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Anthropomorphic axe, bronze, excavated in the tomb of Heibo (潶伯), a military noble in charge of protecting the northern frontier, at Baicaopo, Lingtai County, Western Zhou period (1045–771 BCE). Gansu Museum. This is considered as a possible depiction of a Xianyun (who may be identical with the Quanrong) or Guifang.[1]

The Quanrong (Chinese: 犬戎; pinyin: Quǎnróng) or Dog Rong[a] were an ethnic group, classified by the ancient Chinese as "Qiang", active in the northwestern part of China during and after the Zhou dynasty (1046–221 BCE). Their language or languages are considered to have been members of the Tibeto-Burman branch of the Sino-Tibetan languages.


Scholars believe Quanrong was a later name for the Xianyun 猃狁 (written with xian, defined as a kind of dog with a long snout [Erya] or a black dog with a yellow face [Shuowen Jiezi]). According to sinologist Li Feng, "It is very probable that when the term Xianyun came to be written with the two characters 獫狁, the notion of 'dog' associated with the character xian thus gave rise to the term Quanrong 犬戎, or the 'Dog Barbarians'."[2]

Claiming ancestry from two white dogs, the Quanrong tribe worshipped a totem in the form of a white dog.[citation needed] They are classified as a nomadic tribe of the Qiang and were the sworn enemies of the Yanhuang tribe.


According to the Book of the Later Han:

Former Emperor Gaoxin's (father of Emperor Yao) enemies were the Quanrong. The Emperor suffered violent invasion at their hands but did not retaliate.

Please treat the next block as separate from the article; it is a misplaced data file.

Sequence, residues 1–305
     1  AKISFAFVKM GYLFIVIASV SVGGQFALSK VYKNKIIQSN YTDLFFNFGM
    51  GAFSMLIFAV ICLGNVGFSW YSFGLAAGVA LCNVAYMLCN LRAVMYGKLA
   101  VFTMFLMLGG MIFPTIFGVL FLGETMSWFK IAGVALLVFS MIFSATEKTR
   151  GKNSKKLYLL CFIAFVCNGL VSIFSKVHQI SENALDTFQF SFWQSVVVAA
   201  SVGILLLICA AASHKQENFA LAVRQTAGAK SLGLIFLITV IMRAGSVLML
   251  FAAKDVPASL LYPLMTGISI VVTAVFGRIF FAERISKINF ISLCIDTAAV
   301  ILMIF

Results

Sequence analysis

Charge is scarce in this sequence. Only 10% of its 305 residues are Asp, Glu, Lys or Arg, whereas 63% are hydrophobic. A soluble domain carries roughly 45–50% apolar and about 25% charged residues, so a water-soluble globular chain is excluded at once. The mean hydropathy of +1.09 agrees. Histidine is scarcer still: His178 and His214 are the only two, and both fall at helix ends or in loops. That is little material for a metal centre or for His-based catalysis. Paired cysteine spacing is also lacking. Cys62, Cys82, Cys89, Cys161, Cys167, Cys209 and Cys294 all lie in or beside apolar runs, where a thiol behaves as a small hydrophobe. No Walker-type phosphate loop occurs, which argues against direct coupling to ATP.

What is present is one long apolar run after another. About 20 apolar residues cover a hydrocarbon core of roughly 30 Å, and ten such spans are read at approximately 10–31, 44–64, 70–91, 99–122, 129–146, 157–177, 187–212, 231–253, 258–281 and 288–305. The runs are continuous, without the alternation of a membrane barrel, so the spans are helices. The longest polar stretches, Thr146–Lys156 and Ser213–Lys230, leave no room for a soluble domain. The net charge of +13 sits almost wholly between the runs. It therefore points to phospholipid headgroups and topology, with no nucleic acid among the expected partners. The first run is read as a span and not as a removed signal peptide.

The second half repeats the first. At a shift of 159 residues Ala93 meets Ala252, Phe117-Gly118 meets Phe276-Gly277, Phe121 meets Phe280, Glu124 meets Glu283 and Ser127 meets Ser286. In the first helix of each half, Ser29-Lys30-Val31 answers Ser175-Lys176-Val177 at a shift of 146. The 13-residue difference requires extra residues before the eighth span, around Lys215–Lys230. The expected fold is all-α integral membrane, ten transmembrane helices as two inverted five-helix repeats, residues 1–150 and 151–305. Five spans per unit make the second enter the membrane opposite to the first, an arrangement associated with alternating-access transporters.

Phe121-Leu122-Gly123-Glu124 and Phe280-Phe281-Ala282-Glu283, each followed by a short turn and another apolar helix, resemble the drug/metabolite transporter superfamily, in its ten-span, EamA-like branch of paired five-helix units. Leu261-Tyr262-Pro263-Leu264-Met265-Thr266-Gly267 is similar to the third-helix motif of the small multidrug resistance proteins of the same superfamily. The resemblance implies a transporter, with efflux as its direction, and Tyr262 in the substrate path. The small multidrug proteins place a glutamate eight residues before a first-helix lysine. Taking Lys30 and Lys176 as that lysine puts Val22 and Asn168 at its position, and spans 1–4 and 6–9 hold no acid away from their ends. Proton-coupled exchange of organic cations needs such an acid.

The Discourses of Zhou in the Guoyu records that at the time of King Mu of Zhou the power of the Quanrong gradually increased. Conflicts during the king's reign made him consider a punitive expedition to the west against them. Duke of Zhai was against his father's plan: "this is not advisable. The illustrious former Emperors[b] did not advocate the use of force."[3] King Mu did not listen but won an unexpected victory in the subsequent clash, capturing the five kings of the Quanrong along with five white wolves and five white deer.

In 771 BCE, the Marquess of Shen invited the Quanrong to join him in an attack on King You of Zhou. The joint force subsequently occupied the Zhōu capital Haojing, killing King You and capturing his concubine Bao Si. In the end, the invaders left after taking a tribute from the Zhou and stealing the Nine Tripod Cauldrons. Duke Xiang of Qin sent an army to assist the Zhou as well as troops to escort King You's son King Ping of Zhou to the eastern capital of Chengzhou, effectively ending the Western Zhou and ushering in the beginning of the Eastern Zhou dynasty and the Spring and Autumn period.

At the time of Emperor Ming of Han (reigned 58–75 CE) it was said:

More than 1.3 million households, roughly six million people, offer tribute to the White Wolves and other clans.

During the reign of Emperor Taizong of Tang (reigned 626–649 CE), Court Academician Liǔ Kàng petitioned:

The Quanrong violate the mountain passes of Gansu and enter the (Tang) capital (Xi'an) without bloodshed ...

The traditional base of the Quanrong is modern Wēiróng Town in Jingning County, Gansu.[4]

See also[edit]


  1. ^ The Quanrong are sometimes referred to as the Báigǒu (白狗 "White Dogs") or Báiláng (白狼 "White Wolves").
  2. ^ The Three Sovereigns and Five Emperors of Chinese mythology.


  1. ^ "灵台白草坡 西周墓葬里的青铜王国". www.kaogu.net.cn. The Institute of Archaeology (CASS Chinese Academy of Social Sciences). There is research on the ethnic image of the northern nomadic people of the Altaic language family. It may be that this is the image of the Xianyun tribe that once posed a serious military threat to the northern border of the Zhou Dynasty. They were called "Ghost people" (Guifang) because they looked different from the Chinese. 有考证系阿尔泰语系的北方游牧民族人种形象。可能是曾经对周朝北方边境构成严重军事威胁的猃狁部族,因相貌异于华夏,被称作"鬼方"。
  2. ^ Li, Feng (2006). Landscape And Power In Early China. Cambridge University Press. Page 346.
  3. ^ Duke of Zhai advises against expedition against the Quanrong (in Chinese)
  4. ^ "静宁威戎镇:犬戎定鼎之地?". Archived from the original on 2011-07-19. Retrieved 2010-03-21.